Fairborn resident Henry Harlow is retired, but he knows he need never be bored.
Harlow, 66, stays busy in myriad ways. He tends to thousands of headstones, footstones and grave sites at Dayton National Cemetery and other area cemeteries, connecting families to those sites and preparing care packages for homeless veterans.
In fact, as a volunteer for families searching for loved ones’ burial sites, Harlow — a retired Air Force master sergeant —has over the years uploaded 21,666 photographs of grave site to the web site findagrave.com.
Harlow says he counted every one, and he acknowledges that it’s a lot of work. But he isn’t complaining.
“I’ve absolutely been blessed,” the Fairborn resident said in an interview. “I always have something to do.”
Credit: JIM NOELKER
Credit: JIM NOELKER
Chris Stanley, who leads the Fisher-Nightingale Houses, Inc. non-profit, nominated Harlow as a Dayton Daily News Community Gem.
“He does what he does because he is who he is,” Stanley said of Harlow.
No single newspaper article could capture everything Harlow does. But Stanley pointed to his work in helping to restore the Hanoi Taxi, the C-141 cargo plane that repatriated American prisoners of war from North Vietnam in 1973.
Harlow was one of three people who worked to restore that plane to a “flying museum,” now housed at the National Museum of the U.S. Air Force, Stanley said.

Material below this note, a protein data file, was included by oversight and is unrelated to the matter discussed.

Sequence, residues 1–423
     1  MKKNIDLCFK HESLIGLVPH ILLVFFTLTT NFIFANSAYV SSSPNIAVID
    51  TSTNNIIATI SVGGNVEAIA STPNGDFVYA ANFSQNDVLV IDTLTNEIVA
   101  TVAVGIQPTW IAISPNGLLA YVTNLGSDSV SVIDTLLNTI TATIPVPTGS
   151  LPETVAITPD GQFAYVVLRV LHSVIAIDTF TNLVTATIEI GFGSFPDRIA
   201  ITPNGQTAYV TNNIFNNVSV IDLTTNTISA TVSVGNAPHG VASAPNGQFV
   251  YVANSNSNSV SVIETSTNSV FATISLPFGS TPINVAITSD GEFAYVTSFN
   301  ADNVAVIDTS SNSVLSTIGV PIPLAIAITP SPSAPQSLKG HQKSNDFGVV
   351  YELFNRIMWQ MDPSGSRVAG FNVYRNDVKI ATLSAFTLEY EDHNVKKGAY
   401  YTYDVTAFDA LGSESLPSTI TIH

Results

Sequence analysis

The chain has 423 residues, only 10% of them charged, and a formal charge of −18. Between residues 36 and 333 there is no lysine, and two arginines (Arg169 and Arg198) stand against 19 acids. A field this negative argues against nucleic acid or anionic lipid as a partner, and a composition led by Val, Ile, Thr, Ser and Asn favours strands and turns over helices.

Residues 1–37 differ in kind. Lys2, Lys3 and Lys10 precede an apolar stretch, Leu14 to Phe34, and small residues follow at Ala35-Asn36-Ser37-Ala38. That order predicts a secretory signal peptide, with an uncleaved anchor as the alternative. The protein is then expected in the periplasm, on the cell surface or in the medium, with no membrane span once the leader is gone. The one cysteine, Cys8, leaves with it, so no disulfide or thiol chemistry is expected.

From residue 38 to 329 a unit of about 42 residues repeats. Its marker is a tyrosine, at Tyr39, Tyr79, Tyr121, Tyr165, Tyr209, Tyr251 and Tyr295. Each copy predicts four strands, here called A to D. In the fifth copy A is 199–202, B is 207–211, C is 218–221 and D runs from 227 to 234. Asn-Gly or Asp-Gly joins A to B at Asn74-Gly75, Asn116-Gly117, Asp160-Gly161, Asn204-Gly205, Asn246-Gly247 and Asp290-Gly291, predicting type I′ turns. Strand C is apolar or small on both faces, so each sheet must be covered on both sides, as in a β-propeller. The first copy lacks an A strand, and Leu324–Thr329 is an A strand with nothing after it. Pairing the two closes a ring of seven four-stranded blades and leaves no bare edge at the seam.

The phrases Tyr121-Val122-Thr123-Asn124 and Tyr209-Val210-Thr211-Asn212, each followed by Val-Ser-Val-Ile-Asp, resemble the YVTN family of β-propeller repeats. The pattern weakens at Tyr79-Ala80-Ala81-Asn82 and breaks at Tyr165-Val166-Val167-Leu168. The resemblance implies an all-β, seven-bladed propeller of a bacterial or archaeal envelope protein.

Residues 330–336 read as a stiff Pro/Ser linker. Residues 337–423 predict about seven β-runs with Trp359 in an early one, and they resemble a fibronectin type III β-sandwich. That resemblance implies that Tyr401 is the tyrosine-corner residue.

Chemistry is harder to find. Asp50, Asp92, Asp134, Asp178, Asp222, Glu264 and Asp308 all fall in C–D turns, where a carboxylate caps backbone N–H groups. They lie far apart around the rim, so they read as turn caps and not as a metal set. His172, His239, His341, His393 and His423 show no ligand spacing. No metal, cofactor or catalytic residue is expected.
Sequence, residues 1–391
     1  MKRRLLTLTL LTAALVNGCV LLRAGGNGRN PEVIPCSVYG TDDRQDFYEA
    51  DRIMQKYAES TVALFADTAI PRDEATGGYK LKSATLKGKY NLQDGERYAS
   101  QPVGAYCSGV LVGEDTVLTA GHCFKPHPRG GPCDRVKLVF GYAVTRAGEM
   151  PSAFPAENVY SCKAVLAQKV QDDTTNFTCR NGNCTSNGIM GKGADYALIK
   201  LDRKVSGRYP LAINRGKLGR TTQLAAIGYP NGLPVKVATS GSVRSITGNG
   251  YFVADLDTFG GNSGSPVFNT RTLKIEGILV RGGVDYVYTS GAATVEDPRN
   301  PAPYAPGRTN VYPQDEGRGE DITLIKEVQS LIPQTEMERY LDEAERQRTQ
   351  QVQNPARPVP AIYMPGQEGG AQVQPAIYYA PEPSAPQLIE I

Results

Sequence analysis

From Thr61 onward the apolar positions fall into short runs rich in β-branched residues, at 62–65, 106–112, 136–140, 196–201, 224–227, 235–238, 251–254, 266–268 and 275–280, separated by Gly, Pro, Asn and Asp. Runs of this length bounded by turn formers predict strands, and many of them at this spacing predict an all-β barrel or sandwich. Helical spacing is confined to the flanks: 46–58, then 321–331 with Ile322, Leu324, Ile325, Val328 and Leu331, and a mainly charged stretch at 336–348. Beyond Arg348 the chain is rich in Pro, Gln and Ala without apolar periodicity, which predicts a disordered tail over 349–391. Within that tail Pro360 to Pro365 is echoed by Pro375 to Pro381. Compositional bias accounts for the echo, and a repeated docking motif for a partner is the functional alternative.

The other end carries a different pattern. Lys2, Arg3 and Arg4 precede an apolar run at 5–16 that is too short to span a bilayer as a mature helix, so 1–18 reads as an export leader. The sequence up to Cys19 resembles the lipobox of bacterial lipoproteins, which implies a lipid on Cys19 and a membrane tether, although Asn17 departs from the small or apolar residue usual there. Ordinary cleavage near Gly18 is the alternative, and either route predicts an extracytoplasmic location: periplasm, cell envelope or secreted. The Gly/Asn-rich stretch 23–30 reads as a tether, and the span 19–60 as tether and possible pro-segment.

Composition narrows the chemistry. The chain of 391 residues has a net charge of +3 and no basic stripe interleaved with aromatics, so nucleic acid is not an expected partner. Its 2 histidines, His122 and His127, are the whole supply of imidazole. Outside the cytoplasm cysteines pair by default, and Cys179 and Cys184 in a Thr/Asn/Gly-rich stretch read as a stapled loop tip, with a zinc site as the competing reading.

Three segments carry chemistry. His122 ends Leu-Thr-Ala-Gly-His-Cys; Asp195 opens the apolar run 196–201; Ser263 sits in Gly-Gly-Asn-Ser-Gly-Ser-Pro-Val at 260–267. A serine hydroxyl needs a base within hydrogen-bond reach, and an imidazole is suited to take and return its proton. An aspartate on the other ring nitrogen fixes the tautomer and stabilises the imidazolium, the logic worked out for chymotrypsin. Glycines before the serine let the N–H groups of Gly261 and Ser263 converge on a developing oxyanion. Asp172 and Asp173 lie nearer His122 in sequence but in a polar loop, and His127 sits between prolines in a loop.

“For that, I will be eternally grateful to him,” said David Dillon, a friend of Harlow’s, also a retired master sergeant, who served with him in the 445th Airlift Wing at Wright-Patterson Air Force Base.
Dillon, of Morrow, was a 445th crew chief who needed help in restoring the C-141 Starlifter and highligting its history. He asked Harlow to help him. Dillon said Harlow became the “driving force” in that project.
Stanley and Dillon also noted Harlow’s work with Junior ROTC cadets and students.
“He went in and he knocked those kids’ socks off,” Stanley said. “They were very thankful that they got to spend time with Henry.”
And Harlow regularly works as a “caretaker” of history, tending to gravesites and collecting memorabilia of those who were prisoners or war or missing in action, at his own expense, Stanley said.
Perhaps his biggest job these days: He visits and tends to burial sites of veterans all over the Miami Valley. The tasks may be humble — sweeping mowed grass away from flat footstones, planting flags and wreathes, photographing the sites — but those actions are appreciated, his friends say.
Most cemeteries have groundskeepers, of course, including the National Cemetery. But there is always work to be done, Harlow said. And there is a steady stream of people searching for photos of burial sites for various reasons, including those researching history and genealogy or families who return home after a funeral but before a head stone has been completed and placed.
“It covers the spectrum,” he said. “There are friends, there are people I’ve served with, there are family members’ friends who have asked me.”
“If the weather is good, I’m here every Saturday,” he said, referring to Dayton National Cemetery.
“He travels 50 miles away to do it, if someone makes a request of him,” Stanley said. “It became like a full-time job for him.”
“My estimation is he’s a very giving person, and he likes to do it behind the scenes, because he doesn’t like to get credit for it,” Dillon said.
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